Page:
With the rising spread of COVID-19, often referred to as the coronavirus, sweeping across the globe, efforts to stop the pandemic have been put in place. Numerous countries have implemented nation-wide lockdowns along with stay at home orders intended for the safety of the public. Those more susceptible to the virus, such as the elderly and people with pre-existing conditions, can be left in precarious situations if unable to get the resources they need to quarantine properly at home.
At UC Berkeley’s International House, or I-House, four residents decided they wanted to do something to help. Graduate students Nitasha Goyal, Marcel Schaack, Marie Rajon Bernard, and Oluwatoni “Toni” Adetayo, created SF Food Friends, a volunteer-matching program to help at-risk residents of San Francisco get their groceries and medication delivered to them by low-risk volunteers in the area. The idea for the platform came shortly after UC Berkeley moved to online instruction and social distancing measures were firmly implemented. Goyal, a native of New Jersey and a graduate student in Translational Medicine, helped pioneer the concept.
After viewing a flyer online from Oakland at Risk, an organization which launched a volunteer-matching program to help deliver food to the elderly during the pandemic, Goyal was inspired to create something similar.
“I was at lunch, and I mentioned [the flyer] to Marcel, like, ‘Hey Marcel, I kinda want to do this thing. Would you be interested?’ He said, ‘Yeah, let me think about it and I’ll get back to you,’ and that night, he sent me a Google Doc, [where] he’d already laid out stuff,” she said. “And then we had a meeting and within 24 hours, Marie and Toni joined onboard as well.”
The conception of SF Food Friends to its launch happened within a matter of days. “I talked to Marcel on March 20th . . . and then by March 23rd, we launched our platform,” said Goyal.
Over 50 people have signed up as volunteers since its launch, according to the team. Volunteering is open to those aged 18 to 50 in the San Francisco area with no compromising health conditions. Their identities are verified after the sign-up process so the team knows they are real people.
SF Food Friends has partnered with different grocery outlets in San Francisco to create affordable care packages that can be delivered to residents in the area. The packages include milk, eggs, pasta, fruits and vegetables, to name a few, with both meat and vegetarian options available. One of their first partnerships was with Mission Grocery Outlet which helped create $20 care packages. The official launch of deliveries began on April 13. The group recently partnered with SF Farmers Market which will provide meal packages ranging from $10-$30.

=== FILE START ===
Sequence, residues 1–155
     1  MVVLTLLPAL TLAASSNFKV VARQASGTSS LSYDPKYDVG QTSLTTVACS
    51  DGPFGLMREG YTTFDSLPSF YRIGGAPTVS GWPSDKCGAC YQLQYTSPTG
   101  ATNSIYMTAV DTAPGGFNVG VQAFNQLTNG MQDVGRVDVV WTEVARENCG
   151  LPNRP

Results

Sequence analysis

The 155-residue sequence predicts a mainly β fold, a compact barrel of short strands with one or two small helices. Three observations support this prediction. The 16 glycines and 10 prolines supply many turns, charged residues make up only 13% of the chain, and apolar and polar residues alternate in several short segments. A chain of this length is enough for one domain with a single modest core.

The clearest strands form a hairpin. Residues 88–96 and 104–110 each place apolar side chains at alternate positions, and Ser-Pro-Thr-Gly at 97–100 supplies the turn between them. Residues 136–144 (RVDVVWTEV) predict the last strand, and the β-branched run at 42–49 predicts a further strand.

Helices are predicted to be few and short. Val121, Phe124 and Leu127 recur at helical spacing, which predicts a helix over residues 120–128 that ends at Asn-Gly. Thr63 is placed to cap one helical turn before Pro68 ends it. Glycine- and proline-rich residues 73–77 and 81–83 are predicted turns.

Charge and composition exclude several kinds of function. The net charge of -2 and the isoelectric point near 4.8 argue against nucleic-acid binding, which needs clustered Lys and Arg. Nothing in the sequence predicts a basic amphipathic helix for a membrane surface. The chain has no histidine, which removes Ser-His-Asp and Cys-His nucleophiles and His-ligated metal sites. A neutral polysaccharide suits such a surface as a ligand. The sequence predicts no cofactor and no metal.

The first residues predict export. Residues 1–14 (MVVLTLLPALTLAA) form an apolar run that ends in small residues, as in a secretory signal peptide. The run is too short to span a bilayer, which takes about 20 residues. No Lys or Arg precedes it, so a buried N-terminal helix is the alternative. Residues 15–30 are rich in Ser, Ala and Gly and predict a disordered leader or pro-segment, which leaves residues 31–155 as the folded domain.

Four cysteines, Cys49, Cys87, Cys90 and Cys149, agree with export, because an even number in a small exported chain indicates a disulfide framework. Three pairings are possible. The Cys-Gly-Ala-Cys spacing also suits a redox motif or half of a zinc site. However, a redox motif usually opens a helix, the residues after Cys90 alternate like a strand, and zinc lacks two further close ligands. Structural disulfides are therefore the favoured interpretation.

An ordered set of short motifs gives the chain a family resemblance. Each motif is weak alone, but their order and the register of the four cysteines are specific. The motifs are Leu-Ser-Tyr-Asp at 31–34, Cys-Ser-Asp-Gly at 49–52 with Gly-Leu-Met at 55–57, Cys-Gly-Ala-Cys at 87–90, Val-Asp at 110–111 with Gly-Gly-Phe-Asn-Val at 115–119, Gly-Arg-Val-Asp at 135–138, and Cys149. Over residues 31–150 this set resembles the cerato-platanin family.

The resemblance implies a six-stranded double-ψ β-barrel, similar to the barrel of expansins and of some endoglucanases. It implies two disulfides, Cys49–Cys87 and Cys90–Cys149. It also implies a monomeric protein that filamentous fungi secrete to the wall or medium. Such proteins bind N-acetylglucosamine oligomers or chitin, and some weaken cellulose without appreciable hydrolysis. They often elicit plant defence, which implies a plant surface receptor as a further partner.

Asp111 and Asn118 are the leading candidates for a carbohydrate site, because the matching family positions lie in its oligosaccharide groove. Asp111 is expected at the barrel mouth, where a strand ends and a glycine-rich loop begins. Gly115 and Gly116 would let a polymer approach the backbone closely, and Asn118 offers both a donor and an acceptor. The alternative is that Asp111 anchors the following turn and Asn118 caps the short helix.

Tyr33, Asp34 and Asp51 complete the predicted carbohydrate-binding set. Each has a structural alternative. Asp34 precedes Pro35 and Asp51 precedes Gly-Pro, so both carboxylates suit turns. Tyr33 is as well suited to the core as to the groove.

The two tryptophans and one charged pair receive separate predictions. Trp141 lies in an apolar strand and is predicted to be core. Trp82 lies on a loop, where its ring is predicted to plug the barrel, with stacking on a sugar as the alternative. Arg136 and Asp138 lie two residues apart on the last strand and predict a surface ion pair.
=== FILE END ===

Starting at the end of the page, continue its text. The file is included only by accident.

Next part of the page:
The group also teamed up with City College of San Francisco (CCSF) to promote their efforts through social media.
“It’s amazing to see students from completely different universities who have no connection to each other whatsoever working together for the same cause,” said Goyal. “I cannot emphasize enough how much [CCSF] helped us in terms of outreach. It’s been great.”
While the group formed the platform to help those during the pandemic, they are open to exploring ways to continue it after stay at home orders have been lifted.
“I think [SF Food Friends] would definitely be a great thing to do further, but we definitely have to think about what we would do and how we would do it,” said Schaack, who is from Germany and pursuing a master’s in Bioengineering. For Goyal, the financial situation of the current economy is something to consider.
“We don’t see the . . . financial situation getting better right after the shelter in place, especially with the higher unemployment rates and things like that, so there would have to be some clear continuation, if that’s in the form of us continuing it, or merging with another partnership or helping a bigger organization,” she said.
While several I-House residents returned to their homes due to the pandemic and border closings within their home countries, the SF Food Friends team decided to stay behind.
“I . . . really wanted to make the most of the experience [at I-House] and stay with some people who are my age and who I could socially interact [with],” said Bernard, who is from France and pursuing a master’s in Civil and Environmental Engineering. “The biggest reason was also because I was looking for jobs, and if I had left the US, then I couldn’t have come back.”
All four are expected to graduate this Spring. When discussing their time at I-House, the group was grateful to be part of its community.
“I love meeting people from different cultures and backgrounds,” said Adetayo, who is from Pennsylvania and pursuing a master’s in Chemical Engineering. “Moving to I-House was one of the best decisions I made.”
Schaack shared the same sentiment.
“International House was probably the most important part of my Berkeley experience,” he said. “I met everyone at SF Food friends here . . . and it just shows . . . how engaging the people here are.”
Overall, the group is grateful to help those in need during the pandemic. Their efforts can be summed up in a West African adage Adetayo heard growing up: It takes a village to raise a child. “[The saying] emphasizes community,” he said. “If you see an opportunity to help, you should take responsibility to help.”
For more information on SF Food Friends, please visit their website at sffoodfriends.org